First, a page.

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The Naturalist: Theodore Roosevelt, A…
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The Naturalist: Theodore Roosevelt, A Lifetime of Exploration, and the… (2016)

by Darrin Lunde

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Showing 1-5 of 51 (next | show all)
This review was written for LibraryThing Early Reviewers.
Theodore Roosevelt lived an exuberant, boisterous life and this book focuses on his interest in natural history collection and preservation. Roosevelt was a self-proclaimed hunter naturalist, who stalked and killed birds and animals. Today you can view many of them at the American Museum of Natural History and the Smithsonian National Museum of Natural History. Some people are horrified by the slaughter; 296 by the former President and another 216 by his son Kermit on a 1909-1910 Smithsonian sponsored expedition to Africa. Roosevelt lived in a different era. He viewed hunting as a noble sport and believed that he did not hunt simply for killing. ( )
  eduscapes | Feb 6, 2017 |
This review was written for LibraryThing Early Reviewers.
Solid and focused biography. Rather timely with the current political climate and concerns for the care of our natural parks with the demands of energy and industry. You will find a nice lens into Roosevelt that will probably lead you in a search for additional biographies to learn as much as you can about this man. ( )
  adamps | Dec 6, 2016 |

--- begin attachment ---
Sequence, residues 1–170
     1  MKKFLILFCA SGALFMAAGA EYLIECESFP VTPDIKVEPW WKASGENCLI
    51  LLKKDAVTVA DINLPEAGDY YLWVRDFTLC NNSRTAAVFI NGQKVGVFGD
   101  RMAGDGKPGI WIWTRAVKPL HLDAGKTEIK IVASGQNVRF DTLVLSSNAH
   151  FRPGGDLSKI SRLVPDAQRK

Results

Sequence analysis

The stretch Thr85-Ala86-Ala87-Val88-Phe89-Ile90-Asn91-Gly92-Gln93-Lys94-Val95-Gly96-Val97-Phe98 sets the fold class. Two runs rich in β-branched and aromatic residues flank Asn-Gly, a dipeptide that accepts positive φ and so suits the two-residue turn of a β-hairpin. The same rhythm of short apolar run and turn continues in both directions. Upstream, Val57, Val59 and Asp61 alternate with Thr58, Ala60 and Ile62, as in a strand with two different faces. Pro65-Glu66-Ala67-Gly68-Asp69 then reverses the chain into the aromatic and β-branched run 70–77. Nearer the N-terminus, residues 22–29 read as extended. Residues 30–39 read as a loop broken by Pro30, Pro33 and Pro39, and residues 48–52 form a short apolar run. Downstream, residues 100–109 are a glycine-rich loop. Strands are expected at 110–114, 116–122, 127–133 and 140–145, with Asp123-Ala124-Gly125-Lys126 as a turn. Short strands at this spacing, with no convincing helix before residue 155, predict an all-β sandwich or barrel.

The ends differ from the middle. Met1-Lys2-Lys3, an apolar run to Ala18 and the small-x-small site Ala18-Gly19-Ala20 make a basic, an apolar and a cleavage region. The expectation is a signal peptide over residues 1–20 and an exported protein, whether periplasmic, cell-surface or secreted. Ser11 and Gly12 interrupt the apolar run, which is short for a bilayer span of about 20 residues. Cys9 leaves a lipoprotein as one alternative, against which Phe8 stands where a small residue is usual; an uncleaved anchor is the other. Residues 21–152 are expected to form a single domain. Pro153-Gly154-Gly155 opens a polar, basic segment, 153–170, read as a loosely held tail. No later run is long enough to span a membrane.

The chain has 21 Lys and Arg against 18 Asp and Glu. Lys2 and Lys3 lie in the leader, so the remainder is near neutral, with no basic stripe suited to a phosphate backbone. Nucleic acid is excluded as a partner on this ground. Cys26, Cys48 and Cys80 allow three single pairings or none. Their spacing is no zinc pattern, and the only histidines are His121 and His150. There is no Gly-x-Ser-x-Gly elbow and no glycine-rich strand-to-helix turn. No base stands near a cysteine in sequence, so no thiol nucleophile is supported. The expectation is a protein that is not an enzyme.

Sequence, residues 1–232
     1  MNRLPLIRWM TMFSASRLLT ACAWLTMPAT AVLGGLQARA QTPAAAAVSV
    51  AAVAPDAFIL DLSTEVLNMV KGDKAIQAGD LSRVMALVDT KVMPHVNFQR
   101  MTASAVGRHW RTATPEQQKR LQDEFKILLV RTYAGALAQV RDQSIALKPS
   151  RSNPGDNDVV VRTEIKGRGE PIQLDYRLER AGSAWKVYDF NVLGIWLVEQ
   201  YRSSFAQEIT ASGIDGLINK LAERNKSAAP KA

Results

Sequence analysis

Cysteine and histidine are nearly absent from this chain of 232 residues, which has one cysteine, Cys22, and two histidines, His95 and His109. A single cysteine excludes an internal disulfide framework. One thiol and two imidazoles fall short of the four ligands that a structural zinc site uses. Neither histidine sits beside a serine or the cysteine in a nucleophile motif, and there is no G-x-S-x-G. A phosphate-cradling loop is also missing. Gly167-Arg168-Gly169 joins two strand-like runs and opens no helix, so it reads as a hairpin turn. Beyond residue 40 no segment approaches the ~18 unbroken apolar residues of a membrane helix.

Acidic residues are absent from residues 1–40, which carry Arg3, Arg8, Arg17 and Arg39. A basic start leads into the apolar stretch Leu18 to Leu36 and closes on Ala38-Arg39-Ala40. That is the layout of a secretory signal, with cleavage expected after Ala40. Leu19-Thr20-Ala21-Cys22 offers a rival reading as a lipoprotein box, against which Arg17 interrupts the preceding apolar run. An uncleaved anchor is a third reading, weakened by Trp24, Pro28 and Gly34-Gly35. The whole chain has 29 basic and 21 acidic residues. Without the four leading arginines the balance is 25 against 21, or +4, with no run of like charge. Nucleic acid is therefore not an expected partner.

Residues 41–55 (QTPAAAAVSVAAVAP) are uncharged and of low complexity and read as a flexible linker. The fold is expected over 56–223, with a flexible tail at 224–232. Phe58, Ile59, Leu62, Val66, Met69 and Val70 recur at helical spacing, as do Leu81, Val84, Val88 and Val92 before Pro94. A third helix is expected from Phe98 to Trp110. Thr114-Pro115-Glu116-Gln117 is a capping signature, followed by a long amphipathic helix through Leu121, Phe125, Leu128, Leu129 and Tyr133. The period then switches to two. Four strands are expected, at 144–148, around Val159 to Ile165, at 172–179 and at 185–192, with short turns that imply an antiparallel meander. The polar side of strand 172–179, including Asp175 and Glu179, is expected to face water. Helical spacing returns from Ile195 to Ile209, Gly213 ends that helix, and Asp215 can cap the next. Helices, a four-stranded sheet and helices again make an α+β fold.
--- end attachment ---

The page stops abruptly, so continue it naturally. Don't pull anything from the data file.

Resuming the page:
This review was written for LibraryThing Early Reviewers.
This book provided a good overview of the development of natural history in the United States and the important role that President Roosevelt played in its promotion and acceptance. It is not a presidential biography. I enjoyed the style and flow of the book, following Roosevelt's hunter-naturalist career across the decades and continents.

Throughout his life Roosevelt enjoyed exploring the natural world and studying animals. From a young boy suffering from asthma but with a desire to be in nature he learned to shoot and prepare birds and small animals for study and display. When he grew up he became concerned for the disappearing American wilderness and sought ways to protect the remaining remote regions.

Roosevelt clearly enjoying stalking and hunting big game, even while he championed preserving the habitats and endangered species they held. Like other reviewers have said, I found the paradox unnerving. The descriptions of the hunts are graphic and there is not much scientific data included. He knew certain species were all but extinct and yet he still hunted them so him museum could have good specimens to display in the future. Roosevelt was a very important figure in the scientific field, but the contradiction of his life's work left me without a clear understanding of the man himself. I enjoyed the book, but I felt like there was something more to be said on reconciling the two viewpoints. ( )
  kkunker | Nov 17, 2016 |